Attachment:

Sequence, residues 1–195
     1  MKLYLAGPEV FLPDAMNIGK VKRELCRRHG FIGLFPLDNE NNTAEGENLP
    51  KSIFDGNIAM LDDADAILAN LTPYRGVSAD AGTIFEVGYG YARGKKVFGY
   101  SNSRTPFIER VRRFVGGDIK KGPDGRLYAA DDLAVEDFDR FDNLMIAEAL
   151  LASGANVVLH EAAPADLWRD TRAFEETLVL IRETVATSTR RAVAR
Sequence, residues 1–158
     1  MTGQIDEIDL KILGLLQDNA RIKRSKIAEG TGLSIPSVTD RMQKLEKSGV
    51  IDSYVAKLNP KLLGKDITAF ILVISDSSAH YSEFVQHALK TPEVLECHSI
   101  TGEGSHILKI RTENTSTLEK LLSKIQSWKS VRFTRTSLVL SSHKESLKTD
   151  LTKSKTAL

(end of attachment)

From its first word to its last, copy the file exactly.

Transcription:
Sequence, residues 1–195
     1  MKLYLAGPEV FLPDAMNIGK VKRELCRRHG FIGLFPLDNE NNTAEGENLP
    51  KSIFDGNIAM LDDADAILAN LTPYRGVSAD AGTIFEVGYG YARGKKVFGY
   101  SNSRTPFIER VRRFVGGDIK KGPDGRLYAA DDLAVEDFDR FDNLMIAEAL
   151  LASGANVVLH EAAPADLWRD TRAFEETLVL IRETVATSTR RAVAR
Sequence, residues 1–158
     1  MTGQIDEIDL KILGLLQDNA RIKRSKIAEG TGLSIPSVTD RMQKLEKSGV
    51  IDSYVAKLNP KLLGKDITAF ILVISDSSAH YSEFVQHALK TPEVLECHSI
   101  TGEGSHILKI RTENTSTLEK LLSKIQSWKS VRFTRTSLVL SSHKESLKTD
   151  LTKSKTAL